Virginia Beach, VA — Nikki James Zellner started to panic last Thursday when she pulled onto the street of her children’s day care and saw a host of fire trucks and ambulances.

She’d gotten word from Kids Town Learning Center to come pick up her two sons, ages 3 and 4, after a carbon monoxide leak was detected.

The kids and staff had all been evacuated to the building next door — snow was falling that day, so it was too cold to stand outside — and some were being checked by medics. She noticed her younger son Owen’s skin was a little purplish red, and a firefighter told her to take him over to an ambulance.

“His face didn’t look like that when I dropped him off that morning, that’s all I know,” Zellner said. “When we walk over to the ambulance, I saw a teacher with oxygen strapped to her face.”

It wasn’t until a bit later, waiting for Owen to be cleared — he was, quickly — that Zellner heard that some teachers at the day care had started getting headaches and feeling nauseated in the late morning, and that a young girl had “kept going limp,” though it’s unclear why.

One of the teacher’s husbands brought a carbon monoxide detector a few hours later to test, and when it was plugged in, the alarm went off immediately. The building was evacuated, and no one was seriously injured.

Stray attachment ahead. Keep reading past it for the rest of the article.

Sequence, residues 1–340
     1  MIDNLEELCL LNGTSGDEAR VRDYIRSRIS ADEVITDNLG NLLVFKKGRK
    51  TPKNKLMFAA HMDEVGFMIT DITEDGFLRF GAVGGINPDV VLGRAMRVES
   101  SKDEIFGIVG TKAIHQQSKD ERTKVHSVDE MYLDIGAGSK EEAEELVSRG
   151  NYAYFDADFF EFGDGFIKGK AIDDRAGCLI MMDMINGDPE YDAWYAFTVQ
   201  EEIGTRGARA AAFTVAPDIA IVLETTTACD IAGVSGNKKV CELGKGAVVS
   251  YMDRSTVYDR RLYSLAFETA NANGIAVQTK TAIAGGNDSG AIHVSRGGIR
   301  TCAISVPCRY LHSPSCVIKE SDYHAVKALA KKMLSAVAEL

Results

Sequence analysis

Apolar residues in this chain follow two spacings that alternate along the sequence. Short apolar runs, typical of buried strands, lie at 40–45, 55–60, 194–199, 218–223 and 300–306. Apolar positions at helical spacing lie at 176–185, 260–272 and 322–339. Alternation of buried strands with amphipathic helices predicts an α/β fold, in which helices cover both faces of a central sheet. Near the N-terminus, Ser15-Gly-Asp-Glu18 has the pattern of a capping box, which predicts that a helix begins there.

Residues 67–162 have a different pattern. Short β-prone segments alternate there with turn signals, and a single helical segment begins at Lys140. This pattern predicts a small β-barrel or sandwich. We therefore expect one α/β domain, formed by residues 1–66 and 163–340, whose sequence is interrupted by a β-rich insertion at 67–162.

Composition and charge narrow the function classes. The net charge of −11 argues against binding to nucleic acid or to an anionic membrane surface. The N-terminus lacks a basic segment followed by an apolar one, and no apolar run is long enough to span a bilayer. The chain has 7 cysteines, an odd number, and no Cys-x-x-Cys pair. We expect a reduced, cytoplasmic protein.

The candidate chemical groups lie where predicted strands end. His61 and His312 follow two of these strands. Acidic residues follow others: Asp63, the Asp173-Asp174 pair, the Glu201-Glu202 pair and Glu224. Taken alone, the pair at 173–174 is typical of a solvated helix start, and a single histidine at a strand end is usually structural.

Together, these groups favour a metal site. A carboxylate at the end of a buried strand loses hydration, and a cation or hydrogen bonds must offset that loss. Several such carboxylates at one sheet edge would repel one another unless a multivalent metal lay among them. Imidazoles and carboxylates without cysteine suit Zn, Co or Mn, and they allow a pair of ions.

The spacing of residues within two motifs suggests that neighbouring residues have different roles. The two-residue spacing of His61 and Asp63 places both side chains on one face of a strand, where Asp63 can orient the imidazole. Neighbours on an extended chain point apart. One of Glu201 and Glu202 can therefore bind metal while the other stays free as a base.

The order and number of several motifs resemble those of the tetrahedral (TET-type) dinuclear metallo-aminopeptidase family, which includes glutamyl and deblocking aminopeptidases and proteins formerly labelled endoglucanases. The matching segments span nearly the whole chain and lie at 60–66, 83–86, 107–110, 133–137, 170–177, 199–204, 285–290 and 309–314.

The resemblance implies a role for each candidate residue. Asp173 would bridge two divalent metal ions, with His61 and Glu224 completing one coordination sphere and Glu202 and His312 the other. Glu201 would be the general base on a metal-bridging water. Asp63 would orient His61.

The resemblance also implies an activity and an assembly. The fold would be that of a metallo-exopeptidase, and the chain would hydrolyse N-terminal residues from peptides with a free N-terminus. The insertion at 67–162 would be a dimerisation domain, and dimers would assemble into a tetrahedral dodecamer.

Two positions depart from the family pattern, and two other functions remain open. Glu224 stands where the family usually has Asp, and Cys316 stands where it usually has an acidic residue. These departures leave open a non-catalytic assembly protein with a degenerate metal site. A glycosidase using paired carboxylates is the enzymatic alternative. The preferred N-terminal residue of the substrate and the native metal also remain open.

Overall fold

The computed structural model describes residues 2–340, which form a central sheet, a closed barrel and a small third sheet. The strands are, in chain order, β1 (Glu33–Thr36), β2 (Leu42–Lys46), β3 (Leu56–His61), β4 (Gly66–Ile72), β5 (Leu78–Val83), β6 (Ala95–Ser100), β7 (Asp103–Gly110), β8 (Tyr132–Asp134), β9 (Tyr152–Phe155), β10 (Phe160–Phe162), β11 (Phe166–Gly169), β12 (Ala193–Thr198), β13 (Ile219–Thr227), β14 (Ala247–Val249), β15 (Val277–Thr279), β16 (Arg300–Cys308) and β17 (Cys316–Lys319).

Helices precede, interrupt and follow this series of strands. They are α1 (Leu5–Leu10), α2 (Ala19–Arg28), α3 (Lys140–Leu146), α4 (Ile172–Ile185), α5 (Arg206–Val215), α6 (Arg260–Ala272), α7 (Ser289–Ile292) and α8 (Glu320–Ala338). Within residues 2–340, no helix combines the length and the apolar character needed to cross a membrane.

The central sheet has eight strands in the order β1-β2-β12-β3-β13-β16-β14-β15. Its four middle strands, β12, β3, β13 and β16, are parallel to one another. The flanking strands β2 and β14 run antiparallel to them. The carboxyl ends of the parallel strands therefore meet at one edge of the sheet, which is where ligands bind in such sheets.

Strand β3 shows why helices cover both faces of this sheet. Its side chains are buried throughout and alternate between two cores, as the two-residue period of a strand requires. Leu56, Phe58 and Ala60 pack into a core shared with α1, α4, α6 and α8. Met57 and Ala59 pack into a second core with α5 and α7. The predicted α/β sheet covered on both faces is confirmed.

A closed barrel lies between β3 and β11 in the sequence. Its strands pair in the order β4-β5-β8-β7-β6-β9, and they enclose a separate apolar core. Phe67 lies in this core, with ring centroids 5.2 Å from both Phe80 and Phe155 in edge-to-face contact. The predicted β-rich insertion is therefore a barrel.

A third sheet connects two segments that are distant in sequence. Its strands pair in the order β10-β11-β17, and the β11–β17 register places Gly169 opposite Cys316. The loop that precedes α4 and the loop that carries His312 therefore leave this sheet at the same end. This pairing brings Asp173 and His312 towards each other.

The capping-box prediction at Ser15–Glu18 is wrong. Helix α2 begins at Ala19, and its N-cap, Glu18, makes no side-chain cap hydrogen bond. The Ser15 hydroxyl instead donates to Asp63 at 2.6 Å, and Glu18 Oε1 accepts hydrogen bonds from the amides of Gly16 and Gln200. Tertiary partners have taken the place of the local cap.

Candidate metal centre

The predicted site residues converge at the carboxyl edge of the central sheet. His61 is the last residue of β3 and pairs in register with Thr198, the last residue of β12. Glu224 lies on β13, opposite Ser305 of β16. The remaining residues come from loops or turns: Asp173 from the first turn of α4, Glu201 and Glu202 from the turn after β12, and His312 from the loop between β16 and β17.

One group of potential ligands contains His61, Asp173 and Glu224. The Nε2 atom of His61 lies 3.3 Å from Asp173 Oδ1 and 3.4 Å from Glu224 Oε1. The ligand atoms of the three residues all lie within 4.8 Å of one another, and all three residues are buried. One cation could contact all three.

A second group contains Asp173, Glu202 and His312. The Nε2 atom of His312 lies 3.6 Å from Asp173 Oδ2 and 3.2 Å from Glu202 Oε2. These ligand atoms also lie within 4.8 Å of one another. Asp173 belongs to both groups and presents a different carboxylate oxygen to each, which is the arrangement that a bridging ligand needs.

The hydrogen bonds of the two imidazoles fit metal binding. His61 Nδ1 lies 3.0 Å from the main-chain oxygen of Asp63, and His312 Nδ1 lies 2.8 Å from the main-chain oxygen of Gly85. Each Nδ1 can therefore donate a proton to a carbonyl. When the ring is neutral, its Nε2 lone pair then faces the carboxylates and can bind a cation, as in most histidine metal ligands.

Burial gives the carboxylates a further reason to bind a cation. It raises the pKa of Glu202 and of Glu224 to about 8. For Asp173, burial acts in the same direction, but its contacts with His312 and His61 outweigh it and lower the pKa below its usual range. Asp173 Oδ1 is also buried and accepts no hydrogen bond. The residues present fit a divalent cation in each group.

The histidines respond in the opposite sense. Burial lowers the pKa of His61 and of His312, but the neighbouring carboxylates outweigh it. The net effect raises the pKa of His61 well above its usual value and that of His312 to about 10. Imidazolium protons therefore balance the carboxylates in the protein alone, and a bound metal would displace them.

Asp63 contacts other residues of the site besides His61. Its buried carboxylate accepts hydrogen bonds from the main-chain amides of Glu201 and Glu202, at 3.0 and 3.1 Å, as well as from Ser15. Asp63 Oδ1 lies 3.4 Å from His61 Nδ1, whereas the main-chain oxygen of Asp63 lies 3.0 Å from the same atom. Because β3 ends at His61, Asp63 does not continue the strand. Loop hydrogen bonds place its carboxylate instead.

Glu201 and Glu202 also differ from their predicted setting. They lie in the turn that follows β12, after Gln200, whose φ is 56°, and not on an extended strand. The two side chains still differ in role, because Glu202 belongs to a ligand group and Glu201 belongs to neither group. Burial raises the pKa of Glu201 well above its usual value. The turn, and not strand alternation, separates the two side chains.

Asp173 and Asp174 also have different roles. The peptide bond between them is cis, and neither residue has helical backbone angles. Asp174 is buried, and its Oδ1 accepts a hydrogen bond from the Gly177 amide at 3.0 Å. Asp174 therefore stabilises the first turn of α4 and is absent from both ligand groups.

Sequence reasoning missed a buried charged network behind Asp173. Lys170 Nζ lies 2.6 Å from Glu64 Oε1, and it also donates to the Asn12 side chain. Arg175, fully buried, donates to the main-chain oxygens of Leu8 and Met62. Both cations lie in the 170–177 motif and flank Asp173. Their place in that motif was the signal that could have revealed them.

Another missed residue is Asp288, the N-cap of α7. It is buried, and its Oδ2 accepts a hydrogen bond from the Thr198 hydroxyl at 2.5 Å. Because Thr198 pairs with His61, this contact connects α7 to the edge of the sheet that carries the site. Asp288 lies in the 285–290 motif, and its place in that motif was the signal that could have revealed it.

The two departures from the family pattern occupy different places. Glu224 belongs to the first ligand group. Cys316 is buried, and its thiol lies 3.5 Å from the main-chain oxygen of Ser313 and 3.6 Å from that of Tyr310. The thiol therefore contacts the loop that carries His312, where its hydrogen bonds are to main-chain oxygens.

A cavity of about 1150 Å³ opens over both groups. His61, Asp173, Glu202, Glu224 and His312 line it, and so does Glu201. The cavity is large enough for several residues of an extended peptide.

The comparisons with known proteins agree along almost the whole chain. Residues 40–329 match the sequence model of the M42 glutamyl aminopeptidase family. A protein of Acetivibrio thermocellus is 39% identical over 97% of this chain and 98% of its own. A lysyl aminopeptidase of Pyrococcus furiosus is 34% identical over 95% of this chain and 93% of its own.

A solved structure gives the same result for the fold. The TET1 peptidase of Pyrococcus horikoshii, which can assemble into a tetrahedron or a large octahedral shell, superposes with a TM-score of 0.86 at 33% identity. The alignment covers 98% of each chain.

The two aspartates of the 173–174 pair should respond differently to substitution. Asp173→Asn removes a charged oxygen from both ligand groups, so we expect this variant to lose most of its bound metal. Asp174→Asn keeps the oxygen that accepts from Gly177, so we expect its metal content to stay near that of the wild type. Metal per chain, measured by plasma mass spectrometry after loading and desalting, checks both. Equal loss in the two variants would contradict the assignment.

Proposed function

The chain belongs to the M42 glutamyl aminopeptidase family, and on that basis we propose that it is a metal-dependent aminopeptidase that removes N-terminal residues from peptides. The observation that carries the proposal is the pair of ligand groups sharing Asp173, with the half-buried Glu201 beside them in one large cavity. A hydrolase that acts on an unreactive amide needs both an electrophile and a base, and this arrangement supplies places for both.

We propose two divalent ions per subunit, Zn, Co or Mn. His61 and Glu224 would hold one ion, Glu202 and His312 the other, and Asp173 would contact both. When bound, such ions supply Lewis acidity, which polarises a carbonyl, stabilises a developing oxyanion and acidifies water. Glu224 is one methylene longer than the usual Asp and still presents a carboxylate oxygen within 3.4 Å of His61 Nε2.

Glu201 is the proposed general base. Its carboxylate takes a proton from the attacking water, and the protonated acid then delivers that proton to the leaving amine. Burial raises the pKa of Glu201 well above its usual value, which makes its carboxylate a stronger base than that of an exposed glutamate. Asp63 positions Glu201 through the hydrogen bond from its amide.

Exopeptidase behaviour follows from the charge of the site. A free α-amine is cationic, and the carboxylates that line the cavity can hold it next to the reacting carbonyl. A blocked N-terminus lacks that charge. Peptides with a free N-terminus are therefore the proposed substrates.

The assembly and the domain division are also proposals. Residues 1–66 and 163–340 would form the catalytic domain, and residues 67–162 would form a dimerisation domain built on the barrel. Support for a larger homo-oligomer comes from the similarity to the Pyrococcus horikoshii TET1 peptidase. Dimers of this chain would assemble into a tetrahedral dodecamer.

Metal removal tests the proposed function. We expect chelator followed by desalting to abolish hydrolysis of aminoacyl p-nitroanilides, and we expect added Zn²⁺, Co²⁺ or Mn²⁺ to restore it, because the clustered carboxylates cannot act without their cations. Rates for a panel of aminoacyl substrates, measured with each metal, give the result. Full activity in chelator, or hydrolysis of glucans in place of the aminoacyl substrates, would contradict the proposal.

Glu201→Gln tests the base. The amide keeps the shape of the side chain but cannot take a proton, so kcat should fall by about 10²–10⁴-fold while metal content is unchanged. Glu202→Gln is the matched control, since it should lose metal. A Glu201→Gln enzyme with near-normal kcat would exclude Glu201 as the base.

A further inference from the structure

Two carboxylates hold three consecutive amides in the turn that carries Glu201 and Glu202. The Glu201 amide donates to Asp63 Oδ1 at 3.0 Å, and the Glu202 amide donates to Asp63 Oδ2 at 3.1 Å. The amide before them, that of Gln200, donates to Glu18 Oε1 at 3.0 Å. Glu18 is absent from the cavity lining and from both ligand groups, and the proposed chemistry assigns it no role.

Zellner would later learn what shocked her the most: Carbon monoxide alarms were not required to be in the day care, or in most schools and child centers in the commonwealth.

“You have to double wrap your breast milk for your babies to go there,” Zellner said. “I’d be under the impression they’d have working carbon monoxide detectors.”

Despite code added in recent years making the detectors mandatory in new buildings, including for educational purposes, it doesn’t apply to those built before 2015.

At least not yet. Zellner’s been working tirelessly to make that happen, creating a petition on that’s racked up nearly 1,000 signatures in a few days. She’s also contacted lawmakers, some of who said they were shocked the detectors aren’t required in day cares and schools and already plan to introduce legislation to change it.

“A whole lot of people are in the dark that their children aren’t protected from this,” Zellner said. “They’re just assuming they are.”

Carbon monoxide is an odorless, colorless, deadly gas.

The most common symptoms of carbon monoxide poisoning, according to the Centers for Disease Control and Prevention, are headaches, dizziness, weakness, vomiting, an upset stomach, chest pain and confusion. They’re often described as “flu-like.” The young, the old and those with existing respiratory conditions are particularly vulnerable.

People who are sleeping — such as small children in a nap room — can die before experiencing symptoms.

Kids Town director Patti Pirrone declined to comment for this story, but in an email to parents on Monday, she said the source of the recent leak was a fault in the heating system that has since been fixed. Her email, which did not reveal the level of the gas that was released, noted that despite the lack of a requirement, the day care had immediately placed a detector in every classroom as well as in the kitchen and offices.

A week later, Friday morning, the new detectors went off. Another leak was found and the day care closed for the day.

The Virginia Beach Fire Marshal’s office said in a statement “that every structure that has a combustible device that produces carbon monoxide should have a detector to warn of a possible problem.”